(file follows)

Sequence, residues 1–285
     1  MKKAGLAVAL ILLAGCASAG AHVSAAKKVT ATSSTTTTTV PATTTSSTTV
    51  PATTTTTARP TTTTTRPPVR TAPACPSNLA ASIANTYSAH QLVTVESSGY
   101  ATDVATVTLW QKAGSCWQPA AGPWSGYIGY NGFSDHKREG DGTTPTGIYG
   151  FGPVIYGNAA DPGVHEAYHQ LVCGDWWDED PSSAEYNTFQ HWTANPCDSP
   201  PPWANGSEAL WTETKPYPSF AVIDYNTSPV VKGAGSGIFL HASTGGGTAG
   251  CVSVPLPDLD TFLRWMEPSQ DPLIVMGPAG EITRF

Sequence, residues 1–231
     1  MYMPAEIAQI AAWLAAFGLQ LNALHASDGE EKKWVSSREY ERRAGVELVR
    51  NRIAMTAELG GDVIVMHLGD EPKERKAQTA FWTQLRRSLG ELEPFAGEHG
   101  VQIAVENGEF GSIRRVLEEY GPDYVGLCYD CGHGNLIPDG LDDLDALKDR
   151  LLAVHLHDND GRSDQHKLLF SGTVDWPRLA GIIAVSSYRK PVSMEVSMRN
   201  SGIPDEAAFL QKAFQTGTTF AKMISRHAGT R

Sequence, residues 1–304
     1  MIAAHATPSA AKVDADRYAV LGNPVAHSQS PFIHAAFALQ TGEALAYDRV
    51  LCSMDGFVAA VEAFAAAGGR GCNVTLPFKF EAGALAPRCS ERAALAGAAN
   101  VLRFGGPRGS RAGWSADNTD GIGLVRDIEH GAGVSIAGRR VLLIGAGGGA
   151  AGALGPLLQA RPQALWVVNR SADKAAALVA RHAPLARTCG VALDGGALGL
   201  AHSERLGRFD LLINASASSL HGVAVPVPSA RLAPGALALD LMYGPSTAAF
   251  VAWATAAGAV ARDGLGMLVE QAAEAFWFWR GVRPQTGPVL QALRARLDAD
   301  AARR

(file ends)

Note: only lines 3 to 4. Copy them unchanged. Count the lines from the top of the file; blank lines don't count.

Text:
    51  PATTTTTARP TTTTTRPPVR TAPACPSNLA ASIANTYSAH QLVTVESSGY
   101  ATDVATVTLW QKAGSCWQPA AGPWSGYIGY NGFSDHKREG DGTTPTGIYG